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Webmaster's Blog - Native American Resources

A place to put resources of a more ephemeral nature, such as events, recommended new websites, new books, etc.

Tuesday, August 23, 2005

Florida State Can Keep Its Seminoles

There was never any doubt where the Seminole Tribe of Florida stood on Florida State University's nickname. The tribe helped university boosters create the costume for the Chief Osceola mascot, approving the face paint, flaming spear and Appaloosa horse that have no connection to Seminole history.

Yesterday, the National Collegiate Athletic Association agreed with the 3,100-member tribe and the Seminole Nation of Oklahoma, which had also endorsed the nickname. The N.C.A.A. removed Florida State from the list of universities banned from using what it called "hostile and abusive" mascots and nicknames during postseason play.

"The N.C.A.A. executive committee continues to believe the stereotyping of Native Americans is wrong," Bernard Franklin, the association's senior vice president for governance and membership, said in a statement. "However, in its review of the particular circumstances regarding Florida State, the staff review committee noted the unique relationship between the university and the Seminole Tribe of Florida as a significant factor."

Saturday, August 20, 2005

The Newest Indians

On a crisp morning in March at the Jaycee Fairgrounds near Jasper, Ala., the powwow was stirring. Amid pickups with bumper stickers reading ''Native Pride'' and ''The earth does not belong to us. We belong to the earth,'' small groups gathered to check out the booths selling Indian rugs, dancing sticks, homemade knives and genealogy books. On one side, under her camper's tarp, sat Wynona Morgan, a middle-aged woman wearing a modestly embroidered Indian smock and some jewelry. Morgan had only recently discovered her Indian heritage, but, she said, in some ways she had known who she was for years. ''My grandmother always told me that she came from Indians,'' Morgan told me. She is now a member of one of the groups meeting here in Jasper, the Cherokee Tribe of Northeast Alabama, which itself is new, having organized under that name in 1997. The tribe is committed to telling its story, in part through an R.V. campground named Cedar Winds that will eventually expand to include an ''authentic, working Cherokee Indian Village.''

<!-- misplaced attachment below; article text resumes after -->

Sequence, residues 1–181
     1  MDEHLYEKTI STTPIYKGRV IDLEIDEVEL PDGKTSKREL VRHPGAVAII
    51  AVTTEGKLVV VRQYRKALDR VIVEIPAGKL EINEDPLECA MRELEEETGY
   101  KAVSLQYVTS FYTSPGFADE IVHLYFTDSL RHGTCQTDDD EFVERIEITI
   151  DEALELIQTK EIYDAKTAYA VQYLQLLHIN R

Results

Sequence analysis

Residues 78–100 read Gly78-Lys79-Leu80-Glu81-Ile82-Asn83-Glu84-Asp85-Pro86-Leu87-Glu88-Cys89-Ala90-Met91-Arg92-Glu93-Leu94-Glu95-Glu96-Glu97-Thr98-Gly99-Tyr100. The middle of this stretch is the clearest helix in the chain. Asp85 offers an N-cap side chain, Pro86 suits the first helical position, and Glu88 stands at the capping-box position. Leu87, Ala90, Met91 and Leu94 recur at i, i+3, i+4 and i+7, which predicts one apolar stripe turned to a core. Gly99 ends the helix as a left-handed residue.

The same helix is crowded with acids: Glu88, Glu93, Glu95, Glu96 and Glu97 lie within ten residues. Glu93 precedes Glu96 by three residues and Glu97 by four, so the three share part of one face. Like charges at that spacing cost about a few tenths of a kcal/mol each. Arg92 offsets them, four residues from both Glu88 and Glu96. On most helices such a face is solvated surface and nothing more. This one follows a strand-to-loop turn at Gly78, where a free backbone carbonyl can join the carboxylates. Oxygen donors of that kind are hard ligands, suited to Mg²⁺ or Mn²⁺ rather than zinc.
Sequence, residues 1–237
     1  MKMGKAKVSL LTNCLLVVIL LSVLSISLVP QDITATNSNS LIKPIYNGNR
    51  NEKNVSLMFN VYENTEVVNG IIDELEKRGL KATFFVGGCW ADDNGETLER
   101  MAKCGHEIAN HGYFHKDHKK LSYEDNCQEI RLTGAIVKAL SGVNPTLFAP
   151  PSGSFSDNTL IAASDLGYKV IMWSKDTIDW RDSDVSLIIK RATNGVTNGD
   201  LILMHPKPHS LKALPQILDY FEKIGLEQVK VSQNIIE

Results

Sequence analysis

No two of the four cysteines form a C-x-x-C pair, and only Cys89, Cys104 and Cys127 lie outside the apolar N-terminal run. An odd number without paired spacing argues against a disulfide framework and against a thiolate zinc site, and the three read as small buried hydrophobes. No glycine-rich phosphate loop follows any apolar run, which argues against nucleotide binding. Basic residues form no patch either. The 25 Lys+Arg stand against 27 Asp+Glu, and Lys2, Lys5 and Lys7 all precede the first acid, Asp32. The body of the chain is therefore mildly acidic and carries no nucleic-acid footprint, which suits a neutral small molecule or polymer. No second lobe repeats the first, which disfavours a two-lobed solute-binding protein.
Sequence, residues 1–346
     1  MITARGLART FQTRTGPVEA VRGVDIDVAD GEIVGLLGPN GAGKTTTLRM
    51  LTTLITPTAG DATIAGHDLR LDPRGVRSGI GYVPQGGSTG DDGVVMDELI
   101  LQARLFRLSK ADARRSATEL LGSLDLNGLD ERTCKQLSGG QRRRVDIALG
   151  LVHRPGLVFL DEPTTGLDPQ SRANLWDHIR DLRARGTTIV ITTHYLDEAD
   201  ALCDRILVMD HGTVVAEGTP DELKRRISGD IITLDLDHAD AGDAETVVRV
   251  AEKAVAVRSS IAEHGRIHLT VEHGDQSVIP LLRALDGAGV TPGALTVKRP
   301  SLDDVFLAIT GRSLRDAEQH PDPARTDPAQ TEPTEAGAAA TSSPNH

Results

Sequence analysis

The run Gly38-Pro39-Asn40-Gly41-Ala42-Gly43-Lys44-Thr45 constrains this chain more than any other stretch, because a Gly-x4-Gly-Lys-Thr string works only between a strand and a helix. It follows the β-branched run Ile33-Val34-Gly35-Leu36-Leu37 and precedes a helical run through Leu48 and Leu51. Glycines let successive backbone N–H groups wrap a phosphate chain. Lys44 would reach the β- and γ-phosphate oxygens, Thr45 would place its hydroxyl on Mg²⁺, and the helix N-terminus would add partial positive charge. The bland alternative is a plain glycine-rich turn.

A New Dawn for Museums of Native American Art

PHOENIX - Decorated with spirals and migration symbols, Nathan Begay's multicolored jar resembles an ancient assemblage of shards. But it's actually a synthesis of historical and modern: Mr. Begay, a 46-year-old artist of Hopi and Navajo descent, created it five years ago.

Its inclusion with some 2,000 other objects in the Heard Museum's new exhibition of its permanent collection here reflects a sweeping change in the way museums are presenting Native American art. Rather than focusing on an ethnographic past, they are celebrating the full continuum of such art, juxtaposing contemporary pieces with historical ones and integrating native voices - often first-person narratives - into explanatory text and media.

From the Heard, to the Eiteljorg Museum of American Indians and Western Art in Indianapolis, to the Smithsonian's National Museum of the American Indian in Washington, museums with substantial Native American collections are aggressively pursuing new work.

Friday, August 05, 2005

NCAA Bans Indian Mascots During Postseason

INDIANAPOLIS (AP) -- The NCAA banned the use of American Indian mascots by sports teams during its postseason tournaments, but will not prohibit them otherwise. The NCAA's executive committee decided this week the organization did not have the authority to bar Indian mascots by individual schools, committee chairman Walter Harrison said Friday.

Nicknames or mascots deemed ''hostile or abusive'' would not be allowed by teams on their uniforms or other clothing beginning with any NCAA tournament after Feb. 1, said Harrison, the University of Hartford's president.

Monday, August 01, 2005

'Grave concern' over Roberts nomination

The Gwich'in Steering Committee issued a statement of ''grave concern'' over Roberts' nomination, calling attention to a brief he wrote for the state of Alaska in the 1997 U.S. Supreme Court case Venetie v. the State of Alaska. The court sided with Alaska, ruling that most Native lands there were not part of ''Indian country.''

Said steering committee representative Luci Beach, ''In two landmark cases, Roberts has argued that the rights of the state of Alaska supercede the sovereignty and subsistence rights guaranteed to Native peoples by the federal government ...

''This is sadly indicative of the Bush administration's disregard and contempt for basic tribal and human rights, which has also been signaled by Bush's incessant push to drill in the Arctic National Wildlife Refuge regardless of the impact to the land or the people.''